SomaLogic technology used to discover protein that reverses age-related cardiac hypertrophy in mice

SomaLogic technology used to discover protein that reverses age-related cardiac hypertrophy in mice

5/9/2013

Unbiased proteomic approach helps researchers identify blood-based factor that holds promise for treating human cardiac failure

In a scientific study published today in the journal Cell, a team of researchers led by scientists from the Harvard Stem Cell Institute and including scientists from SomaLogic, describe the discovery of a circulating protein, called GDF-11 (Growth Differentiation Factor 11), that can reverse age-related cardiac hypertrophy in mice. The GDF-11 protein was identified using SomaLogic’s breakthrough proteomics technology.

Age-related cardiac hypertrophy is a major factor in diastolic heart failure, the most common form of heart failure in the United States.  The authors of the Cell paper found evidence suggesting that a blood-based circulating factor that maintains normal cardiac size is either diminished or loses its effectiveness as the body ages. The researchers demonstrated that such a factor exists by using mouse models of cardiac hypertrophy, and subsequently identified a candidate factor by combing through metabolites, lipids and proteins in the blood. Their protein analysis, using SomaLogic’s SOMAscan™ assay, revealed several proteins whose levels of expression change with age, and this led to the discovery of GDF-11. The researchers then demonstrated that treating older mice with a recombinant version of the GDF-11 protein can rapidly reverse age-related cardiac hypertrophy. Studies aimed at extending these observations to humans are underway.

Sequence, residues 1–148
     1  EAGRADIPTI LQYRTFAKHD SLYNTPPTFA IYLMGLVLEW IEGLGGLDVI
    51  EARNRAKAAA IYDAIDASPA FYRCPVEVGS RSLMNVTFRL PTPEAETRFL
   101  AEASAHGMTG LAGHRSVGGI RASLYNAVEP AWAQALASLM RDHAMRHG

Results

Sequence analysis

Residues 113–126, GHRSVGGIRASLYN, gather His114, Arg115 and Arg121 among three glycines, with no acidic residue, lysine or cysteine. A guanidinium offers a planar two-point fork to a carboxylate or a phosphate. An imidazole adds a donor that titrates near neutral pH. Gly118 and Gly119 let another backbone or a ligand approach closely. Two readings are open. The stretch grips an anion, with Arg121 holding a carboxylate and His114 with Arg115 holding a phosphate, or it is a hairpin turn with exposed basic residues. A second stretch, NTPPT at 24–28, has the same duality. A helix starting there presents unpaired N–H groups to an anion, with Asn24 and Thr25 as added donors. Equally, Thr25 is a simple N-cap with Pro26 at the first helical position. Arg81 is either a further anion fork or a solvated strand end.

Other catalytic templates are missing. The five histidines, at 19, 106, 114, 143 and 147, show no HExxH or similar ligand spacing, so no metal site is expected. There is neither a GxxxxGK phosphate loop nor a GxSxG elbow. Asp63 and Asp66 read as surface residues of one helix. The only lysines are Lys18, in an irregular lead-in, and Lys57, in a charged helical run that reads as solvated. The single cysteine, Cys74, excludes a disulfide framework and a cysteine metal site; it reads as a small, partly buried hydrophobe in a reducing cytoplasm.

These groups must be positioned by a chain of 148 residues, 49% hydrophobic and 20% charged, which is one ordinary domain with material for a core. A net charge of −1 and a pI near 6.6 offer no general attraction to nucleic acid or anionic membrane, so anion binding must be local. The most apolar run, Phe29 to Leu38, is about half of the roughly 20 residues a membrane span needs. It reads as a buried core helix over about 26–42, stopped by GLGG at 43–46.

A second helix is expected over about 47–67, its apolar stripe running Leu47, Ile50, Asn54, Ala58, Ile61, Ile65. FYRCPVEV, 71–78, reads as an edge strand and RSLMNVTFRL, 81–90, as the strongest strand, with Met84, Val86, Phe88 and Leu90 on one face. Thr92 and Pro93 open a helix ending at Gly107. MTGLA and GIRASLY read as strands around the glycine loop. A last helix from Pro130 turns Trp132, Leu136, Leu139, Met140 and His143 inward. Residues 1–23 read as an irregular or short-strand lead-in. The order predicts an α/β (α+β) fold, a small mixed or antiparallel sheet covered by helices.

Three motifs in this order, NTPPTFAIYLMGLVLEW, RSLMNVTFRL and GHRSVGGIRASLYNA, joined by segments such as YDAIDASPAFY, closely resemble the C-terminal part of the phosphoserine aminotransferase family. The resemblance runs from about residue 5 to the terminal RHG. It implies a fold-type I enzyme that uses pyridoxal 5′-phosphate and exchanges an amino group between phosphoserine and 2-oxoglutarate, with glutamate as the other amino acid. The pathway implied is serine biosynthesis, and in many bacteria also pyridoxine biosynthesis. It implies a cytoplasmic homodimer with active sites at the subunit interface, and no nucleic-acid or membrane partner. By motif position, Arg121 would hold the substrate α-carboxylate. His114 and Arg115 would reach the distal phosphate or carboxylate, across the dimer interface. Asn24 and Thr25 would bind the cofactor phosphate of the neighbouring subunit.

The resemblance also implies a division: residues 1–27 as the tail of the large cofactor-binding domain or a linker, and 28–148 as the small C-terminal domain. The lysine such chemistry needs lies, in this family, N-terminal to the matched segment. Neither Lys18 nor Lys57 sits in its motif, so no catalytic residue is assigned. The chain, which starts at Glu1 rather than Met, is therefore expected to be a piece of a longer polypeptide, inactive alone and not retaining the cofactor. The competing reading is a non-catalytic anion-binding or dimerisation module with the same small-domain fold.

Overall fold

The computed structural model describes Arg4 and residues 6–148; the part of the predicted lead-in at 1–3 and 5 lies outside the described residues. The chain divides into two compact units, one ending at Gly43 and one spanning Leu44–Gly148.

“It has been technically challenging to identify specific proteins of interest out of the complex mixture of proteins that circulate through the body, especially those that are associated with diseases of aging,” said Prof. Richard T. Lee, an investigator at the Harvard Stem Cell Institute, a cardiologist at Brigham and Women’s Hospital and, one of the senior authors of the Cell paper. “Working with SomaLogic scientists to deploy their new proteomic technology in this study allowed us to do such screening rapidly and effectively.”

A more complete description of the work published in Cell can be found in the Harvard Magazine. An abstract of the manuscript, “Identification of Growth Differentiation Factor 11 as a Circulating Factor that Reverses Age-Related Cardiac Hypertrophy,” is available at the journal site (note: subscription required for the whole paper). A video explaining the work and its findings is available here.

Alex Stewart and Britta Singer of SomaLogic are co-authors of the Cell paper, along with significant contributions from the SOMAscan assay and bioinformatics groups. SomaLogic scientists and their colleagues at UCSF (including Dr. Peter Ganz) have independently found preliminary evidence that GDF-11 deficiency is a potential biomarker for assessing the risk of heart failure in humans, work that was presented at the American Heart Association 2012 Scientific Sessions.